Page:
Speaking of veggies, it was another great CSA share this week. Cucumbers, zucchini, peppers, lettuce, tomatoes, eggplant, onions, carrots, kale, and (for the first time this year) purple cabbage. Looking forward to lots of salads this week!

Monday, August 24, 2009

farmers' market trip - and spaghetti squash!

This afternoon, we headed to the Durham farmers' market, and on the way stopped at a farm stand up the road from us, and at Tecce Farm in Durham. Tecce Farm's roadside stand opened recently for the season, and while there we got some of their own corn and apples (I can't remember the variety but they said they taste similar to McIntosh), as well as some UNH-grown plums. At the farm stand closer to us, we picked up 3 lbs of tomatoes, a cucumber, and a spaghetti squash - and at the Durham market, we got a melon and a red onion. I heard that there have been melons already at some of the other area farmers' markets, but since we didn't make it out to any last week, this will be our first of the season.

For dinner tonight, we're going to make a spaghetti squash dish that we enjoyed last year - thought I'd share the recipe!

First you need to cook the spaghetti squash - you can roast it, boil, steam, or microwave. Since it's hot today and we'd like to avoid using the oven, we'll probably microwave. You just poke 10-12 holes in the squash, place it on a microwave-safe plate, and cook on "high" for about 10 minutes, turning every 2-3 minutes, until the squash is soft on the outside. Then let it cool for about 5 minutes, cut carefully in half (don't get burned!), remove the seeds, and scoop out the squash using a fork to separate it into strands.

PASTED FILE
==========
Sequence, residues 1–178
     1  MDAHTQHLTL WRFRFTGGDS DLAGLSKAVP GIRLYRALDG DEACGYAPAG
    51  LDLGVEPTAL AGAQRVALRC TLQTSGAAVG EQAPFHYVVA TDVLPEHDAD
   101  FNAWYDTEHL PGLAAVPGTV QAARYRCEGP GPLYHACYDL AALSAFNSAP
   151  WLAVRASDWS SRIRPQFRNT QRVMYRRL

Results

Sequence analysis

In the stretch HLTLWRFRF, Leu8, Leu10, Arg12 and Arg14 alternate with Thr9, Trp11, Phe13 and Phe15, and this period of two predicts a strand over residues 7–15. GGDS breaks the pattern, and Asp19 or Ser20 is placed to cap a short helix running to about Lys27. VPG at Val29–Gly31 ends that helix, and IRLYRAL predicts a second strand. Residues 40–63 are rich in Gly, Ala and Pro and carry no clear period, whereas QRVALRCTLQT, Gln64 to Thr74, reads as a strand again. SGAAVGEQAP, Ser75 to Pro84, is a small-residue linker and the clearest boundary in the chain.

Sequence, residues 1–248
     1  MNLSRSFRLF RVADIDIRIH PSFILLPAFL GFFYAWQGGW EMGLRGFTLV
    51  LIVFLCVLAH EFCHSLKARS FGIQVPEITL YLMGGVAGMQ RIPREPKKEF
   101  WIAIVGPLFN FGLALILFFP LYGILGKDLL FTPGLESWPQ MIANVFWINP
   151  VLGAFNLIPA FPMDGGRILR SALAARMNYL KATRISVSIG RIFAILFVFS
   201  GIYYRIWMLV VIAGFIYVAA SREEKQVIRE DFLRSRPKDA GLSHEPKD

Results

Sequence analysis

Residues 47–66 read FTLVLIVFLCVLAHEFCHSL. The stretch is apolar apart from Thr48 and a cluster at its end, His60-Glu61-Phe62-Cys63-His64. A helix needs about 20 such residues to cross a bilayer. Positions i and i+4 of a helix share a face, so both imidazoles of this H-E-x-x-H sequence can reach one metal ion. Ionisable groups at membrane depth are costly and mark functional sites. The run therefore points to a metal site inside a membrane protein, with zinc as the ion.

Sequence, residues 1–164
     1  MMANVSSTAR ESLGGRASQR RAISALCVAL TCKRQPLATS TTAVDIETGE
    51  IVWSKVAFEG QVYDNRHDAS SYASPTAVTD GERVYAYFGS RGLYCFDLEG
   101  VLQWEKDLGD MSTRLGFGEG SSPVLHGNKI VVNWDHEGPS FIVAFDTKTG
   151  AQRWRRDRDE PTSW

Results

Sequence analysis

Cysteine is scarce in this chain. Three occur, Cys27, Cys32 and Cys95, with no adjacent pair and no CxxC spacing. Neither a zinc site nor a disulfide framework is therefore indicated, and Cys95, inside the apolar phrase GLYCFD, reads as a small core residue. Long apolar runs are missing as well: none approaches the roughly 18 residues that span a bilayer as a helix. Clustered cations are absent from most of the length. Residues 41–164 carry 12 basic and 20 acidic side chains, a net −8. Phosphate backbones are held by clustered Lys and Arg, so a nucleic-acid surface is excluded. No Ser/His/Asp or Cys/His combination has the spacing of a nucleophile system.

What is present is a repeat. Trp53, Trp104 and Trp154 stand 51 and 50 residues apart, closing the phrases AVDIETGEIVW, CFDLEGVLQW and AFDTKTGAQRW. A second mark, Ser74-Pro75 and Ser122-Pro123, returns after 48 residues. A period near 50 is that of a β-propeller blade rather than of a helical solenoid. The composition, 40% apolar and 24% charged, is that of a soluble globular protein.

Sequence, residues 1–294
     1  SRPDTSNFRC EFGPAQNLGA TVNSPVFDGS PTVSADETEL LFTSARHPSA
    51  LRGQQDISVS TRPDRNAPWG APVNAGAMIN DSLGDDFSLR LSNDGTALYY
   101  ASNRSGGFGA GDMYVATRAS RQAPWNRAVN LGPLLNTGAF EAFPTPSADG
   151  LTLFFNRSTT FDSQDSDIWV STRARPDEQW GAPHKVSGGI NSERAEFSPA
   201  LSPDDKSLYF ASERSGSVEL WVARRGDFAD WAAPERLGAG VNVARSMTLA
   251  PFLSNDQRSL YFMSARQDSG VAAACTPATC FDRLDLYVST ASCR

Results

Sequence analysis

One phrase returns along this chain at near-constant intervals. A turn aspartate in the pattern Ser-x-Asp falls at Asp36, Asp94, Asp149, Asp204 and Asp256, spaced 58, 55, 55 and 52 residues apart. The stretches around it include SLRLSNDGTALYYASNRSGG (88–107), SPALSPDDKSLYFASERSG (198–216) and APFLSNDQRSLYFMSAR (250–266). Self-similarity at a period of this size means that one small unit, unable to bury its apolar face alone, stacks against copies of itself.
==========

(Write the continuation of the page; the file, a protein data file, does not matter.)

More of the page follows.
Next, melt a few tablespoons of butter in a pan. Add some garlic and chopped onion, and then add cubes of zucchini, carrot, green pepper, red pepper, or any other veggie that sounds good to you. Depending on what you choose, you may have to add them 1 by 1, so that each veggie can cook as long as it needs to, without becoming mushy. Once everything is crisp-tender (or cooked the way you like it), add the cooked spaghetti squash to the pan to heat through. When hot, transfer to a serving dish, top with chopped tomato, serve, and enjoy!